Universally praised for its powerfully authentic depiction of submarine warfare, Run Silent, Run Deep was an immediate success when published in 1955 and shot to the top of best-seller lists nationwide. In 1958, Hollywood adapted the novel for the big screen starring Clark Gable and Burt Lancaster. The New York Times said of the novel, "If ever a book had a ring of reality, this is it... combat passages rank with the most exciting written about any branch of the service." The Saturday Review called the book "a classic," and many reviewers compared its author to such greats as C. S. Forester and Erich Remarque. Today these accolades still ring true for Edward L. Beach's gripping first novel of American submariners confronting a formidable Japanese navy in a vicious battle to control the Pacific. Beach's taut and dramatic narrative, told with the intimacy of a confession, deals with two strong-headed men, Edward Richardson, the commander of the USS Walrus, and his executive officer, Jim Bledsoe. Bound together by wartime duty, the two are divided by jealousy, pride, and love for a beautiful woman. But long after the details of this famous novel fade from memory, what remains with us is a startling realization of the way it was, really was, in the silent service during World War II. Unlike many war novels, here is a story that deals with war from the perspective of command. With fidelity, Beach creates the anguish, agony, and triumphs of command decisions. Commander Richardson embodies all that is fine and human in an excellent naval officer. This is a monument, not to the misfits and the mistakes, but to those men who rose to greatness under the sometimes unbearable tensions of action.
"Welcomed as the first book about American submarines in World War II to be written by a man who actually fought in them, this account of the war beneath the sea firmly established Edward L. Beach's reputation as a writer in the early 1950s. Given the survival rate of those in the silent service, it is a story many submariners did not live to tell. In fact, most of the crew of Beach's boat, the USS Trigger, were lost soon after he left for another assignment. A veteran of twelve war patrols, Beach authentically recaptures the moments of elation, desperation, and numbing fear that were part of the daily lives of these warriors as they hunted down the enemy in the Pacific." "Beach helped sink the Trigger's first ships and survived more than his share of exploding depth charges from avenging warships. This book weaves the Trigger's story with the equally thrilling tales of other battle-hardened submarines and the brave men who fought in them against the Japanese. Readers share in the destruction of five destroyers in four days and join in the deadliest game of all - stalking other submarines. They also come to understand the terror and uncertainty of being at the other end of the pursuit, and silently sweating out depth-charge poundings in a leaking boat. For an authentic account of what went on under the waves, this book remains one of the very best."--BOOK JACKET. Title Summary field provided by Blackwell North America, Inc. All Rights Reserved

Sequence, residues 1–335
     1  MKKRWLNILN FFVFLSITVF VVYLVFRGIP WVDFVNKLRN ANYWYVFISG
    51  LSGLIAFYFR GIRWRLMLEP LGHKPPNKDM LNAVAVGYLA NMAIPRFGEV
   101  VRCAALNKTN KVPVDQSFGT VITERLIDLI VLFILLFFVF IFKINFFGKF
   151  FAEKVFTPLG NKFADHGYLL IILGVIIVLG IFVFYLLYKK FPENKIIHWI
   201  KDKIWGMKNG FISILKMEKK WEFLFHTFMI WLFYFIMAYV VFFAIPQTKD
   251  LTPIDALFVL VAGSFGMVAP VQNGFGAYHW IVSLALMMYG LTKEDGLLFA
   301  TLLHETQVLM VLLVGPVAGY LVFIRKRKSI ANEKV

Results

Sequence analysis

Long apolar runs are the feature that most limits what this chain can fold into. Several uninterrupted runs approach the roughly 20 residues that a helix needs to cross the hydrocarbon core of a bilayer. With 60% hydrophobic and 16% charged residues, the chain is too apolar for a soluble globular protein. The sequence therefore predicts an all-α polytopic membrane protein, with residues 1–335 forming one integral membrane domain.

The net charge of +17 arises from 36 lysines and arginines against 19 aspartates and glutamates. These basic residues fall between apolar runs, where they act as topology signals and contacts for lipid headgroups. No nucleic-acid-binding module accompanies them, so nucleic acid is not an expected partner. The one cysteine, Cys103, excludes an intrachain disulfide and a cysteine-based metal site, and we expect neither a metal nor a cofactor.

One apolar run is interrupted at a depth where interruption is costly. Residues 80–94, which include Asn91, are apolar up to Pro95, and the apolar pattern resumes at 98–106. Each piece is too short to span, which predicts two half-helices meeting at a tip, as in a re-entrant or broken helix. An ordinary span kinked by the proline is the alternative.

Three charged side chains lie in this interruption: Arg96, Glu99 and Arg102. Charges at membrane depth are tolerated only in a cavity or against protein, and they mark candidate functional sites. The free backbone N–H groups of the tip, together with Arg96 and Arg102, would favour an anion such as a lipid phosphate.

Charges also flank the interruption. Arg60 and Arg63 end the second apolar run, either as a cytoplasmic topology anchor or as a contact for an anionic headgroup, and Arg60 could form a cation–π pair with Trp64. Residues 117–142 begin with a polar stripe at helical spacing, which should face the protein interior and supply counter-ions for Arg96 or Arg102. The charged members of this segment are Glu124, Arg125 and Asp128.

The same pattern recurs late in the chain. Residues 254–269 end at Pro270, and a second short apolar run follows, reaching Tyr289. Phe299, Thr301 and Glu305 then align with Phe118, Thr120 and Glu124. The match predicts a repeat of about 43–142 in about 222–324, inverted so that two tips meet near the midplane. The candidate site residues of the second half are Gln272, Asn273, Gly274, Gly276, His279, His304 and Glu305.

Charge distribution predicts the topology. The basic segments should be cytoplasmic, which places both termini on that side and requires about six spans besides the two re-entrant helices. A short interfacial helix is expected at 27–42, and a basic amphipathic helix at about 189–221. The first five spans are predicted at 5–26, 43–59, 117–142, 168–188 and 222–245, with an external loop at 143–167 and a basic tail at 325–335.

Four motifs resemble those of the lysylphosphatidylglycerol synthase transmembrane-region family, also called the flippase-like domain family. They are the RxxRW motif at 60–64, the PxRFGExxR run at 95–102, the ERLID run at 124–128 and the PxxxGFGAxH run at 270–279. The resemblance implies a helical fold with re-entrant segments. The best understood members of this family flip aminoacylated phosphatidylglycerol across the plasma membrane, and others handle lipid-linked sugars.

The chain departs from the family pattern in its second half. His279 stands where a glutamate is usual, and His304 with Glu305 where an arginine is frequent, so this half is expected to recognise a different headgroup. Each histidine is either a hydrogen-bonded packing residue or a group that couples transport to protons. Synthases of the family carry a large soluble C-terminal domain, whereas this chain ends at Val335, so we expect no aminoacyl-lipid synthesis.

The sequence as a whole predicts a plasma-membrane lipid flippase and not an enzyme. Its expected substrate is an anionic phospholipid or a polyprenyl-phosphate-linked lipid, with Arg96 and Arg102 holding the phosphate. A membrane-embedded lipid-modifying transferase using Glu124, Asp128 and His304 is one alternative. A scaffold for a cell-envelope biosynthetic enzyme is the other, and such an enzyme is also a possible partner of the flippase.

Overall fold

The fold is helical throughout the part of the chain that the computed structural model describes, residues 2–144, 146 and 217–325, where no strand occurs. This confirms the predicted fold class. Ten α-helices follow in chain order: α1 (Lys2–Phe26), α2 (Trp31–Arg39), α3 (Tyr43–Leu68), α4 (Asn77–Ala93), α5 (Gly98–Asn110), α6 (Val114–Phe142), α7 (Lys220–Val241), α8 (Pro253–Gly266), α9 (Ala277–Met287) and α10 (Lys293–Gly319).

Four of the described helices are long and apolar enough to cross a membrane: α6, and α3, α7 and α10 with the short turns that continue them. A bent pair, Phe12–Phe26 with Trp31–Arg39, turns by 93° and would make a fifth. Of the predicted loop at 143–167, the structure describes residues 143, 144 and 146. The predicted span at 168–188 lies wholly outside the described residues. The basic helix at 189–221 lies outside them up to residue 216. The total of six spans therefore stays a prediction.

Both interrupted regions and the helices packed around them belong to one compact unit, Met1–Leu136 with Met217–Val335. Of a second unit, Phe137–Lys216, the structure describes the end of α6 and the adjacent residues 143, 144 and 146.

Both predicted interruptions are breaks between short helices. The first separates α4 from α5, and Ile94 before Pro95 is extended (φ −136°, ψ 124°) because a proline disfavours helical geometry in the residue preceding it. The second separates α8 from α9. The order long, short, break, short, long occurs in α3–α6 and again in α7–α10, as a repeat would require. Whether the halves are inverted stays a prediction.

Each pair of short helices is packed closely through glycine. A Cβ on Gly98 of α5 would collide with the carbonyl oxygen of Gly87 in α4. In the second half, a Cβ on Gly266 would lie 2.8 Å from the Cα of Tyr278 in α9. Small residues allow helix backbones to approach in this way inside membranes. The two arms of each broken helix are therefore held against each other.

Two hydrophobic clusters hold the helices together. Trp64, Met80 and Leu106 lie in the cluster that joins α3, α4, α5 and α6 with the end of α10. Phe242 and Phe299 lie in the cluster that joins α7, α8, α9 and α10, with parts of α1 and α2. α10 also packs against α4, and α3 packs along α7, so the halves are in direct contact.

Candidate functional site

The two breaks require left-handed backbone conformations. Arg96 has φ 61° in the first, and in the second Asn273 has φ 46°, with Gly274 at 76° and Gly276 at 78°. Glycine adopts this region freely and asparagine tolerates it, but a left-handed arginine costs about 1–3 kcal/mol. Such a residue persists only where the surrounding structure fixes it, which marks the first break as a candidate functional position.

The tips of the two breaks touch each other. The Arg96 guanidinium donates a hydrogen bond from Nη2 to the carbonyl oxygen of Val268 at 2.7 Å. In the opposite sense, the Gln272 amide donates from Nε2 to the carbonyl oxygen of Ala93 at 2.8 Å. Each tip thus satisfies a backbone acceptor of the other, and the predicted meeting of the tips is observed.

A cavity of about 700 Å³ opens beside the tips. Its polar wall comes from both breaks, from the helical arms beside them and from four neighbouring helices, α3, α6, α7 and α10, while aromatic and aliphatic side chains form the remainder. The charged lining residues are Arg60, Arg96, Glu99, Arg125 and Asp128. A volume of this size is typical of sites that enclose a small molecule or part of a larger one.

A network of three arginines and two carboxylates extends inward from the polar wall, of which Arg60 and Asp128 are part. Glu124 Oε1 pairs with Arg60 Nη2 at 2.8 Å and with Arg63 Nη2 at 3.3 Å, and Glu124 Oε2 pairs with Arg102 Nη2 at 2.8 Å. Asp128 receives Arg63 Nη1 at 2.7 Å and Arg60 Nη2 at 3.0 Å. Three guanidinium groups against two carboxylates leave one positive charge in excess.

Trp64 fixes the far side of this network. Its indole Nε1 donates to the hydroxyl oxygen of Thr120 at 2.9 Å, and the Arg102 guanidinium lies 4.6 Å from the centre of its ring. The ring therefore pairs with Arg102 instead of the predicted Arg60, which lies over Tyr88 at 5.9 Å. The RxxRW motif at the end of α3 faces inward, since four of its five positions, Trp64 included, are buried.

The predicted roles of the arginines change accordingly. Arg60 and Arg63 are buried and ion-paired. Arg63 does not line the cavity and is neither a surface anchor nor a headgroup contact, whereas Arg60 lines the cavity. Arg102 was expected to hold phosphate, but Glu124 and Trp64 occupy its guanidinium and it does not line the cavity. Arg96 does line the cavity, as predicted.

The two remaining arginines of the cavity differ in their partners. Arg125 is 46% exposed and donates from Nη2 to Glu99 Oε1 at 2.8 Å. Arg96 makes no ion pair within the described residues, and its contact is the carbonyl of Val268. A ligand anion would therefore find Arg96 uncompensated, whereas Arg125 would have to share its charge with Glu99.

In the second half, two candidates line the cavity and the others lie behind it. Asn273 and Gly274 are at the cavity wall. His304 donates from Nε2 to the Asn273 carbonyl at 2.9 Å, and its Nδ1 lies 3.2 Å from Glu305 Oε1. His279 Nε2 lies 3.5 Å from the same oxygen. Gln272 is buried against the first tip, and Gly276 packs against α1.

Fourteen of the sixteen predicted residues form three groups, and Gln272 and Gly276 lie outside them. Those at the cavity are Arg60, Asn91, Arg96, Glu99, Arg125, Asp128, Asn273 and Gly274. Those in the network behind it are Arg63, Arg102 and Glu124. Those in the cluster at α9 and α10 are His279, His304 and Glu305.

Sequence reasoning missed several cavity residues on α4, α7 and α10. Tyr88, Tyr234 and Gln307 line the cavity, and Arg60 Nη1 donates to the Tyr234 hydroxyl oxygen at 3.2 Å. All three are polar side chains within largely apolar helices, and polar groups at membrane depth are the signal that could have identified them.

For the World War II submariner, every day was a life-or-death trial: going to sea for months at a time; existing in dank, claustrophobic conditions; enduring long stretches of monotonous silence punctuated by adrenaline-spiked episodes of paralyzing fear and victorious elation. It was a duty few men could handle -- and even fewer would survive.This is the true story of those brave men who served and too often died under the ocean surface, written by a man who was there. Edward L. Beach masterfully weaves his gripping experiences aboard the USS Trigger with those of other boats fighting the war in the Pacific. Part action-packed combat chronicle, part testament to the courageous sacrifices made by those who never came back, this is a compelling eyewitness account of the war as few have seen it.